Eagleman kicked off his speech by explaining that every animal in the world (humans included) has "their own window on reality." Our perception of our environment, known as our "umwelt," is typically determined by the biological tools we're born with. Humans, for example, are not equipped to see x-rays or gamma rays or feel the shape of the magnetic field. Eagleman asks: "How are our technologies going to expand our umwelt, and therefore, the experience of being human?" 

"Our peripheral sensory organs are what we've come to the table with—but not necessarily what we have to stick with," he explains. He describes how we're moving into the MPH (Mr. Potato Head) model of evolution: Our eyes, ears, fingers, etc., essentially act like plug-and-play external devices that can be substituted to improve or enhance our view of the world. "The bottom line is that the human umwelt is on the move," he concludes. "We are now in a position as we move into the future of getting to chose our own plug-and-play devices." Imagine being able to see by transmitting electronic impulses through your tongue, or, embedding magnets into your fingertips that allow you to feel the pull of the magnetic field. There's so much happening in the world that we can't see, and Eagleman envisions a future where we can plug into new experiences and broaden our view of the our environment.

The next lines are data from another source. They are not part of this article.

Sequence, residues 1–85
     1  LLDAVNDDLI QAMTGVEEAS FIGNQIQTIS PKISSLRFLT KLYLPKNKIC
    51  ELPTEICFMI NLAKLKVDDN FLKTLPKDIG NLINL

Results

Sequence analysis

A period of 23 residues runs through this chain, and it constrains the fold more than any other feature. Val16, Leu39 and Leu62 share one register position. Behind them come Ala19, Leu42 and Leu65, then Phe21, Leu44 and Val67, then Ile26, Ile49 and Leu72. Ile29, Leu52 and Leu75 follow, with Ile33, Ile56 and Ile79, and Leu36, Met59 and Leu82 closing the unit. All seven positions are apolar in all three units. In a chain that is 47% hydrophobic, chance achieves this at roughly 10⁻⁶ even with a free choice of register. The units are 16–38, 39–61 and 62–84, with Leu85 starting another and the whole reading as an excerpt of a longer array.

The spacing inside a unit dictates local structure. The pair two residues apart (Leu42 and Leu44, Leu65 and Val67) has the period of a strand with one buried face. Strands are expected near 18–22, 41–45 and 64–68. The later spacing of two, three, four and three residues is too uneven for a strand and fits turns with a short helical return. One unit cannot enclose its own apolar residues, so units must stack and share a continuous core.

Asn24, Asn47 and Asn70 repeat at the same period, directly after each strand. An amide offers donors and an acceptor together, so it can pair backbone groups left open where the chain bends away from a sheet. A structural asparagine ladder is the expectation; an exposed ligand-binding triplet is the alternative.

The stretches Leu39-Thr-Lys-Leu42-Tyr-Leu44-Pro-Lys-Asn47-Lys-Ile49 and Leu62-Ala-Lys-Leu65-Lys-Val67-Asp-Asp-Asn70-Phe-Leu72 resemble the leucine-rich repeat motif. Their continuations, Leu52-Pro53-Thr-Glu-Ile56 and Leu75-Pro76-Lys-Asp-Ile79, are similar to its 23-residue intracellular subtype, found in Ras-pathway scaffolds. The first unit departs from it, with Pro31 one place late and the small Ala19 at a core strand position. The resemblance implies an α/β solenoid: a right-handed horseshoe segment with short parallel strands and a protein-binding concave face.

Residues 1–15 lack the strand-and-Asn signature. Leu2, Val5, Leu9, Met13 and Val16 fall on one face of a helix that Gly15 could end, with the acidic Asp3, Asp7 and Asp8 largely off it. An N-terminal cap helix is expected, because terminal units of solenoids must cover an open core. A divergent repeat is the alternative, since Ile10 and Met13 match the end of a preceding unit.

Via Dr. Stefan Gruenwald
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A Dynamical Systems Account of Sensorimotor Contingencies

A Dynamical Systems Account of Sensorimotor Contingencies | Science, Technology, and Current Futurism | Scoop.it
According to the sensorimotor approach, perception is a form of embodied know-how, constituted by lawful regularities in the sensorimotor flow or in sensorimotor contingencies (SMCs) in an active and situated agent. Despite the attention that this approach has attracted, there have been few attempts to define its core concepts formally. In this paper, we examine the idea of SMCs and argue that its use involves notions that need to be distinguished. We introduce four distinct kinds of SMCs, which we define operationally. These are the notions of sensorimotor environment (open-loop motor-induced sensory variations), sensorimotor habitat (closed-loop sensorimotor trajectories), sensorimotor coordination (reliable sensorimotor patterns playing a functional role), and sensorimotor strategy (normative organization of sensorimotor coordinations). We make use of a minimal dynamical model of visually guided categorization to test the explanatory value of the different kinds of SMCs. Finally, we discuss the impact of our definitions on the conceptual development and empirical as well as model-based testing of the claims of the sensorimotor approach.

Via Ashish Umre
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How our brains keep us focused

How our brains keep us focused | Science, Technology, and Current Futurism | Scoop.it